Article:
Robotic probe launched to lunar far side

China's historic Chang'e 6 mission aims to collect samples of high scientific value

By Zhao Lei in Wenchang, Hainan | China Daily | Updated: 2024-05-04 06:52
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A Long March 5 heavy-lift rocket, carrying the Chang'e 6 robotic lunar probe, blasts off on Friday from the Wenchang Space Launch Center in Hainan province. SU DONG/FOR CHINA DAILY

The Chang'e 6 robotic probe, tasked with the world's first attempt to retrieve samples from the moon's far side, embarked on its historic journey on Friday from China's southernmost province of Hainan.

A Long March 5 heavy-lift carrier rocket — the biggest and mightiest space vehicle in China, standing at 20 stories and weighing 870 metric tons — blasted off from its launch pad at 5:27 pm with the 8.35-ton Chang'e 6 spacecraft aboard and soared skyward, leaving hundreds of thousands of spectators awestruck at and around the coastal Wenchang Space Launch Center.

The liftoff marked the beginning of the country's second lunar sample-return expedition after the successful Chang'e 5 mission in the winter of 2020.

Yet the unfolding mission will be much more difficult, challenging and riveting than the Chang'e 5, which landed on the moon's near side, and will definitely be recorded — regardless of whether it is a huge success or an unfortunate failure — as a symbol of audacious and pioneering work in the history of humankind's lunar exploration.

Previously, 10 lunar sample-return missions were undertaken by the United States, the former Soviet Union and China, but all these samples were collected from the moon's near side.

As one of China's, and also the world's, most significant space journeys this year, major steps in the Chang'e 6 mission have made headlines around the globe and have garnered a lot of attention from the Chinese people.

The local tourism authority in Wenchang estimated at least 200,000 travelers arriving in Longlou, a township that is home to the launch complex, on Friday to witness the liftoff.

According to the China National Space Administration, after flying for about 37 minutes, the Long March 5 rocket successfully placed the robotic lunar probe into an Earth-moon transfer trajectory, the gateway to our celestial neighbor.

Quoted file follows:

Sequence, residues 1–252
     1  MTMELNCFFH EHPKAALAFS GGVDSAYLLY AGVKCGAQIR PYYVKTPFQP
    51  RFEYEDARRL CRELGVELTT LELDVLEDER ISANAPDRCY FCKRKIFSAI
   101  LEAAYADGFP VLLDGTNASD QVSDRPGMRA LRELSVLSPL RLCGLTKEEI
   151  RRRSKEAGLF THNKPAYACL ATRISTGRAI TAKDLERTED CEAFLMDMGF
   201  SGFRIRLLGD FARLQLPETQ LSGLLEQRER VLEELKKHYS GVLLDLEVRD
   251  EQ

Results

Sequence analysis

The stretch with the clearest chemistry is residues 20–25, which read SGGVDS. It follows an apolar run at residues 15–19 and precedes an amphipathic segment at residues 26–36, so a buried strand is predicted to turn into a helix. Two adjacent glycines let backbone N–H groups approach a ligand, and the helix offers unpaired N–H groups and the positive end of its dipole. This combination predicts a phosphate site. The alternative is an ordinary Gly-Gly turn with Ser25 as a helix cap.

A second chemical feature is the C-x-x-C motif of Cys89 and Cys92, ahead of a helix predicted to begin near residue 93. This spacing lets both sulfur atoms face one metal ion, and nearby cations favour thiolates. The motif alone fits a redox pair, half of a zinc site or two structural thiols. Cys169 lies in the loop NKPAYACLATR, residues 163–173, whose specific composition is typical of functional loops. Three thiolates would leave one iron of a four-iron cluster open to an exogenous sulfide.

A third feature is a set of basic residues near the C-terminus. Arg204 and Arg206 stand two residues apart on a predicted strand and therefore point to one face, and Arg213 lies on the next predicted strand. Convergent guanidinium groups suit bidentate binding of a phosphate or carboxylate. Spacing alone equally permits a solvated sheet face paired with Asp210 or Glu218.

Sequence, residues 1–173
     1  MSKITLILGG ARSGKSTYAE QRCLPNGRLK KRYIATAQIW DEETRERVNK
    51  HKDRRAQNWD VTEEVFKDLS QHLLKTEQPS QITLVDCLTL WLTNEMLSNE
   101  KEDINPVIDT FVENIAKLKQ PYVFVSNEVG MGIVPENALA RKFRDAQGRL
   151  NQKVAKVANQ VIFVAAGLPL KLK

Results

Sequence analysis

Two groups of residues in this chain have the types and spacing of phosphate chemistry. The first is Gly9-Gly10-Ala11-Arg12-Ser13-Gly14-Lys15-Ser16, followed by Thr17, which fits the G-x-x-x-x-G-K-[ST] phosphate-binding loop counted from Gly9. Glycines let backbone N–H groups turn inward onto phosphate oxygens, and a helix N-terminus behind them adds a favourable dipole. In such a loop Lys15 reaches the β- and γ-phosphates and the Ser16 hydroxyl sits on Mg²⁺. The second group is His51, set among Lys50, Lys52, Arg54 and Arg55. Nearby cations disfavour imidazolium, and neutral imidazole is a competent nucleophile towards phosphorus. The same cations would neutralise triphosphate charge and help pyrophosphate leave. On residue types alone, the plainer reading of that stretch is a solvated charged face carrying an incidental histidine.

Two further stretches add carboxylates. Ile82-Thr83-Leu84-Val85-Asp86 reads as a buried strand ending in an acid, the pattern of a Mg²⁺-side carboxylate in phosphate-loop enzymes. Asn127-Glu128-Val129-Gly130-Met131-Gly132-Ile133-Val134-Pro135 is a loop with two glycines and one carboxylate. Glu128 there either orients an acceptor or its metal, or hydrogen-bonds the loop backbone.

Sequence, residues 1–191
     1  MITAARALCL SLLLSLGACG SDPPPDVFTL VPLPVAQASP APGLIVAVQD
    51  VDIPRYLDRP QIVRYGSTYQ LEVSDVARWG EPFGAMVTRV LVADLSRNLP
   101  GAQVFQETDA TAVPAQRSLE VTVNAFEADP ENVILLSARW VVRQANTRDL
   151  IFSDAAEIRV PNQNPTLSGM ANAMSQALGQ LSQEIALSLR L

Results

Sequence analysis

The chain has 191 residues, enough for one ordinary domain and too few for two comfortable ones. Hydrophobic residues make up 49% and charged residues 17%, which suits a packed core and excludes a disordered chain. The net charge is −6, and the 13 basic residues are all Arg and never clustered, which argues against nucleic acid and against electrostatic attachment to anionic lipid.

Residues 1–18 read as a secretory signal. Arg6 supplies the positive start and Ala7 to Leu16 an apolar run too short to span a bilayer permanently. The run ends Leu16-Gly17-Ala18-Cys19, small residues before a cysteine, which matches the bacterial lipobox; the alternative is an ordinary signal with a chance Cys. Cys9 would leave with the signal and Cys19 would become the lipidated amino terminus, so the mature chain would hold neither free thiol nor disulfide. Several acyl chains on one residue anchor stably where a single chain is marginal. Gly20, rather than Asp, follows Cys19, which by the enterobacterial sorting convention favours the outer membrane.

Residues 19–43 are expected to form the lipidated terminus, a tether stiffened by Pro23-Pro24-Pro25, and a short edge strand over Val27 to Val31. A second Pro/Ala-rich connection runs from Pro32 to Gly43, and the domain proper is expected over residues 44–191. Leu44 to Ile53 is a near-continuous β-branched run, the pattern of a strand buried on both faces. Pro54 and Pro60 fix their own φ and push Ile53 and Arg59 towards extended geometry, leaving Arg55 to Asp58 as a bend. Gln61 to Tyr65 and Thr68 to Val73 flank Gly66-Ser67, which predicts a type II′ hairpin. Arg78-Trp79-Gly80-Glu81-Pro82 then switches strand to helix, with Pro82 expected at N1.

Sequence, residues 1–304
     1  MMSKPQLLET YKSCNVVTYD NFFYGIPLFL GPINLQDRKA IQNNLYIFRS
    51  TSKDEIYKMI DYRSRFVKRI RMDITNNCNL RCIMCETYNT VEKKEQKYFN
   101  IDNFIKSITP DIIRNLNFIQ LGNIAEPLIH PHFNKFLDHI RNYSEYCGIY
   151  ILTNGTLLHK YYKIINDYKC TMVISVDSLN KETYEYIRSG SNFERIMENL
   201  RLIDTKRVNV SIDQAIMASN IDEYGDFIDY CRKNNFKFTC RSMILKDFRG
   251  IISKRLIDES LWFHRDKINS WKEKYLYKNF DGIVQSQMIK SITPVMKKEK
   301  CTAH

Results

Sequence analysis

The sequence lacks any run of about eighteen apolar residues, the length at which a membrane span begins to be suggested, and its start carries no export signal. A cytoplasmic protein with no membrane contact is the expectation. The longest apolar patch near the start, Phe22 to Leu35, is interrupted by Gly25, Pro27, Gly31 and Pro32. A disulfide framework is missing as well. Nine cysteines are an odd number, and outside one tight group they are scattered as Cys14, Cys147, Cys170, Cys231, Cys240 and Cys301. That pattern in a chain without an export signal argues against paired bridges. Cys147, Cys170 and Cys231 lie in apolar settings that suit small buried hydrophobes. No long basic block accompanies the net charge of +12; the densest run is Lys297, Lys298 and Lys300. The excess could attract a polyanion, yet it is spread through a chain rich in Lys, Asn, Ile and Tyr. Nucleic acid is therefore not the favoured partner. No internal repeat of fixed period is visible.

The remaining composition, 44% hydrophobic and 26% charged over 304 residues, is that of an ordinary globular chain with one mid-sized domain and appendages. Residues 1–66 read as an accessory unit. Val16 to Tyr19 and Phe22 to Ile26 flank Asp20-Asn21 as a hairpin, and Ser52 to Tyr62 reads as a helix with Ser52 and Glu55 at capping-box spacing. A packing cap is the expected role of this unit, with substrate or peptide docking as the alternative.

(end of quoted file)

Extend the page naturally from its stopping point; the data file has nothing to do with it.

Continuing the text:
Complex operation

Within the next several days, the Chang'e 6 probe is programmed to fly along its moonward trajectory and make some correction operations before conducting a key braking maneuver to avoid accidentally flying past the moon. Thereafter, the spacecraft will be captured by the moon's gravity and move into a lunar orbit.

Like its predecessor, the Chang'e 6 spacecraft is designed and built by the Beijing-based China Academy of Space Technology, a subsidiary of China Aerospace Science and Technology Corp, and also consists of four components — an orbiter, a lander, an ascender and a reentry capsule.

Its operational process will basically mimic that of the Chang'e 5 spacecraft. After the probe reaches lunar orbit, its components will separate into two parts, with the orbiter and reentry capsule remaining in orbit, while the lander and ascender start approaching the lunar surface.

When everything is ready, the lander-ascender combination will make a soft landing in the South Pole-Aitken Basin — a gigantic crater on the lunar far side and also the largest, oldest and deepest basin recognized on the moon. It will then start using a drill and a mechanical arm to gather surface and underground samples.

If everything proceeds smoothly, up to 2 kilograms of stones and soil will be collected and packed in a vacuum-sealed metal container inside the ascender.

After the collection operation is completed, the engines of the ascender will elevate it to lunar orbit for docking with the reentry capsule. The vacuum-sealed container carrying the samples will be transferred to the module before the ascender undocks.